The planetary romances of Edgar Rice Burroughs and Leigh Brackett fueled Raleigh author Henry Vogel’s imagination and directly inspired his Scout series of novels, published by Bruce Bethke at Rampant Loon Press. For his new novel, The Fugitive Heir, Vogel has (with Bethke’s blessing and support) submitted his “space opera meets adventure thriller” to the Kindle Scout program. To give his submission the best chance for success, Vogel had artist Aaron Starr, who has also provided the covers for the “Scout” series, create a fantastic cover to go along with Vogel’s (obviously still planetary romance influenced) pitch: “My parents are not dead! I know it but can’t tell anyone why I know. Of course, no one believes me. They say I should take my vast inheritance and let it go. They’re wrong. So I’ll use my inheritance to fund the search for my parents. I didn’t count on opposition from the board of the company I’m inheriting, but powerful people will do anything to protect their dark secrets. They didn’t count on my two wildcards—a rebuilt spaceship and a blonde classmate I’ve loved since the sixth grade.”
When I wrote Bethke to ask about his thoughts on Vogel’s decision to go with the Kindle Scout program, he replied: “Of course I support what Henry is doing, just as I supported Beth Cato when she was shopping The Clockwork Dagger to Harper Voyager, Guy Stewart when he was shopping Heirs of the Shattered Spheres to MuseItUp, or Robert Lowell Russell as he’s shopping something I’d really love to have first dibs on to Tor right now. It’s worth noting that when we incorporated in 2008, we’d originally planned to name the company Launchpad Press, but didn’t because that name was already taken. That name did grok our concept, though. We were hoping to become the platform from which at least a few new writers — and editors! — launched their careers.”
Well, we also have a chance to help Vogel’s career get a little launch boost, by nominating his Kindle Scout campaign. Here, Vogel writes about the pard part of “pantsing” his way through The Fugitive Heir. Enjoy!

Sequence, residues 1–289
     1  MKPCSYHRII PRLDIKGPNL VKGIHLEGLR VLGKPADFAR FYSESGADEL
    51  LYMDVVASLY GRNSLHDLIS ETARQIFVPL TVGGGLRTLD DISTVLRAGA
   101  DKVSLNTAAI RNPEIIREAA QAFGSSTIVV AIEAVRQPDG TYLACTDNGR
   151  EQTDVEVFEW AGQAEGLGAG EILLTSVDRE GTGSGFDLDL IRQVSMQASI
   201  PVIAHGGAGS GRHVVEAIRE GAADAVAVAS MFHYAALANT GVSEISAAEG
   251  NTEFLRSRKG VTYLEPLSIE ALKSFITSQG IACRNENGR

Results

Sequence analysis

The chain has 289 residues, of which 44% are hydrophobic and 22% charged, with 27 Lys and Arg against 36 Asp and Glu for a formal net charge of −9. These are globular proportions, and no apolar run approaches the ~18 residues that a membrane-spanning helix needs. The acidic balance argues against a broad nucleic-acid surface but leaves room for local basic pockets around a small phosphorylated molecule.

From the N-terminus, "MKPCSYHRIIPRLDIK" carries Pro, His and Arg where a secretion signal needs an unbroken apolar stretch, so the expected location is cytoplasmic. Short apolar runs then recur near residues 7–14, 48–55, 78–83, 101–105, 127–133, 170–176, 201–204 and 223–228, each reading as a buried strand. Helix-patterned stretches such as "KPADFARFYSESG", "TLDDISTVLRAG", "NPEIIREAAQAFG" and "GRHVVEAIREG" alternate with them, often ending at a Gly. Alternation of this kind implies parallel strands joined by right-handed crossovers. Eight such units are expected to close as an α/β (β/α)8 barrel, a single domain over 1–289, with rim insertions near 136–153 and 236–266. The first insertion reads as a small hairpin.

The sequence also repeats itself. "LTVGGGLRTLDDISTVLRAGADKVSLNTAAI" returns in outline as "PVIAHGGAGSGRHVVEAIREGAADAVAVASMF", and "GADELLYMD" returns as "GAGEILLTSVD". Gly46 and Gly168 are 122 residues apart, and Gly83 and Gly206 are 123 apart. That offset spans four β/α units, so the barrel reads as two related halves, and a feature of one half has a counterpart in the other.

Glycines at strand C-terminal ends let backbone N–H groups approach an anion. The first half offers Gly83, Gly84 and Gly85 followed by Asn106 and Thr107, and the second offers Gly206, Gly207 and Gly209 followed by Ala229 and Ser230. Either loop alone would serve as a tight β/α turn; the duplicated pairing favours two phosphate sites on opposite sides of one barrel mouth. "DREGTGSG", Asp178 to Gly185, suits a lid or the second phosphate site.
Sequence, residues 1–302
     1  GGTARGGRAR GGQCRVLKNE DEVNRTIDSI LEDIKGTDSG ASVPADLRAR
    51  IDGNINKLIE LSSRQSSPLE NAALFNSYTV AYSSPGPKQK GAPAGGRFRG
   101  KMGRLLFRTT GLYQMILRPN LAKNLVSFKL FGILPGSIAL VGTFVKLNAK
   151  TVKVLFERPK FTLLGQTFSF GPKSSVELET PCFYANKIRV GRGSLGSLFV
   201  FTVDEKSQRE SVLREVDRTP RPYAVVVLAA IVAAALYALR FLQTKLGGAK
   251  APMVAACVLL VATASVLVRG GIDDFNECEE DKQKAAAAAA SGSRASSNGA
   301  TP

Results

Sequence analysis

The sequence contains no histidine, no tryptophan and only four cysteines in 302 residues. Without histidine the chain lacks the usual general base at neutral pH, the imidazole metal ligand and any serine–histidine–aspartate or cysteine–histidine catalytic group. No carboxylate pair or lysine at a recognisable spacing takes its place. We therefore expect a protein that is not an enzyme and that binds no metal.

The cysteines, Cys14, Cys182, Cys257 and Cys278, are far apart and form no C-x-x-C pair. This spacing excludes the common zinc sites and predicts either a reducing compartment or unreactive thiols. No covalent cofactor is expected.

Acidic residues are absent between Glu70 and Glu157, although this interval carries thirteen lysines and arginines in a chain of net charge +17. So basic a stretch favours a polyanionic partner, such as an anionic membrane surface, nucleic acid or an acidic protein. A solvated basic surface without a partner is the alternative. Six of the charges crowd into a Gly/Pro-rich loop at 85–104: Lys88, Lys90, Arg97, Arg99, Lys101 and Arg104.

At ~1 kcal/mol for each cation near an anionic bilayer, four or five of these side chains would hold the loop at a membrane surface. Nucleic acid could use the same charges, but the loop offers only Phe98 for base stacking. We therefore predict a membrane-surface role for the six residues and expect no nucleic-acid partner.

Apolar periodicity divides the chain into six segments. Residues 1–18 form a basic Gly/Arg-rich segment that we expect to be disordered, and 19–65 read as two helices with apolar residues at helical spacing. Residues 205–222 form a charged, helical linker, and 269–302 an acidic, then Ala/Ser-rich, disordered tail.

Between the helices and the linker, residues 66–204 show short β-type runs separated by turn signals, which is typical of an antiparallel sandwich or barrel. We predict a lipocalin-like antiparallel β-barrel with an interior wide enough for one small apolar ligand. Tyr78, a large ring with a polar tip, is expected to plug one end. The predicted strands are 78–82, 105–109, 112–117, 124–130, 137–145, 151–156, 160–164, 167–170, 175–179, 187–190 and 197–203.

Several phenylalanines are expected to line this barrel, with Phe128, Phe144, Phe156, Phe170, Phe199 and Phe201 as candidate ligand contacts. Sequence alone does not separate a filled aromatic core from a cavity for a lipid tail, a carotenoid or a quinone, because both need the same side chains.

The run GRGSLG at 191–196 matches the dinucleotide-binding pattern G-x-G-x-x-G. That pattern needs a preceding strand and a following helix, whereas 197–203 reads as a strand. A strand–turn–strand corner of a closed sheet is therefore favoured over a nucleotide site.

— Essay by Henry Vogel —
The hardest part of writing The Fugitive Heir was my complete inability to plan much beyond the next scene of the novel. You see, I am a ‘discovery’ writer—also known as a ‘seat-of-the-pants writer’ or a ‘pantser.’ In direct contradiction to the majority of the writing advice you’ll find, I don’t out create a detailed outline. I don’t even create a minimal outline.
I start off with a very basic plot, an opening scene, and a vaguely defined final destination. Sometimes my novel reaches that destination, sometimes it comes somewhere else entirely. Everything else is unknown.
This leads to some delightful discoveries during the writing process. The character of Jonas, my hero’s head of security, wasn’t in my plan. I needed a bodyguard to speak with Matt at the end of the opening scene. Only, when the bodyguard started talking, I realized he wasn’t just a toss-away character. He played an important role in Matt’s life and, as such, had to play an important role in the novel. That one realization cascaded through the plot, forcing changes to my two main characters which reverberated all the way until the end of the book.
It was this sense of discovery which made writing the book both hard and exciting. It was hard because, when I sat down to write, I never knew what advance planning I’d have to scrap before the writing session was over. I ended up dumping a lot of scenes I really liked because they no longer fit in the novel I was writing. Despite my inability to plan much beyond the next scene, it’s also an exciting way to write. After all, if I don’t know where the story will go next, my readers aren’t likely to find the story predicable, either!
Honestly, as difficult as it can be writing into the dark, I can’t imagine restricting myself to a written outline. Forcing my story to stay on a predesigned path? Now that really would be hard!
ABOUT THE AUTHOR
I got my start in indie comic books during the 1980s, where I created and wrote The Southern Knights and X-Thieves. I returned to creative pursuits as a performing storyteller in 2005 and have performed all around the state of North Carolina since then. In April of 2014, my first science fiction novel was published. Scout’s Honor spent six weeks on Amazon’s Space Opera best sellers list and was followed by the release of Scout’s Oath in February. My third novel, Scout’s Duty, is coming soon.